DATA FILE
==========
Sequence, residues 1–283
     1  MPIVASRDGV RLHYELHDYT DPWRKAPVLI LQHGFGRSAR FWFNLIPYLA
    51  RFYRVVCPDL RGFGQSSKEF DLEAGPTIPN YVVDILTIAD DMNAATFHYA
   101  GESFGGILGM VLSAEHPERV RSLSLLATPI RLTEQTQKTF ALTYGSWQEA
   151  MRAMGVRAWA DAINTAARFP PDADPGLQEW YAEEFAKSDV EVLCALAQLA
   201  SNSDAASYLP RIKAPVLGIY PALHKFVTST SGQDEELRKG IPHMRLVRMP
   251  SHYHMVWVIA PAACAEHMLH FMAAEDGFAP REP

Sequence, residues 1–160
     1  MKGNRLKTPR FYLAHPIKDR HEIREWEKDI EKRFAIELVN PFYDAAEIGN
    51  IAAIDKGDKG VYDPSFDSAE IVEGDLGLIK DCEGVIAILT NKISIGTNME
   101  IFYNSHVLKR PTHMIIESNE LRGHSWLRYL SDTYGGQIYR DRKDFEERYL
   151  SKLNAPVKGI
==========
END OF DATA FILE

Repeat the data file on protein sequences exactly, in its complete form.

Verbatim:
Sequence, residues 1–283
     1  MPIVASRDGV RLHYELHDYT DPWRKAPVLI LQHGFGRSAR FWFNLIPYLA
    51  RFYRVVCPDL RGFGQSSKEF DLEAGPTIPN YVVDILTIAD DMNAATFHYA
   101  GESFGGILGM VLSAEHPERV RSLSLLATPI RLTEQTQKTF ALTYGSWQEA
   151  MRAMGVRAWA DAINTAARFP PDADPGLQEW YAEEFAKSDV EVLCALAQLA
   201  SNSDAASYLP RIKAPVLGIY PALHKFVTST SGQDEELRKG IPHMRLVRMP
   251  SHYHMVWVIA PAACAEHMLH FMAAEDGFAP REP

Sequence, residues 1–160
     1  MKGNRLKTPR FYLAHPIKDR HEIREWEKDI EKRFAIELVN PFYDAAEIGN
    51  IAAIDKGDKG VYDPSFDSAE IVEGDLGLIK DCEGVIAILT NKISIGTNME
   101  IFYNSHVLKR PTHMIIESNE LRGHSWLRYL SDTYGGQIYR DRKDFEERYL
   151  SKLNAPVKGI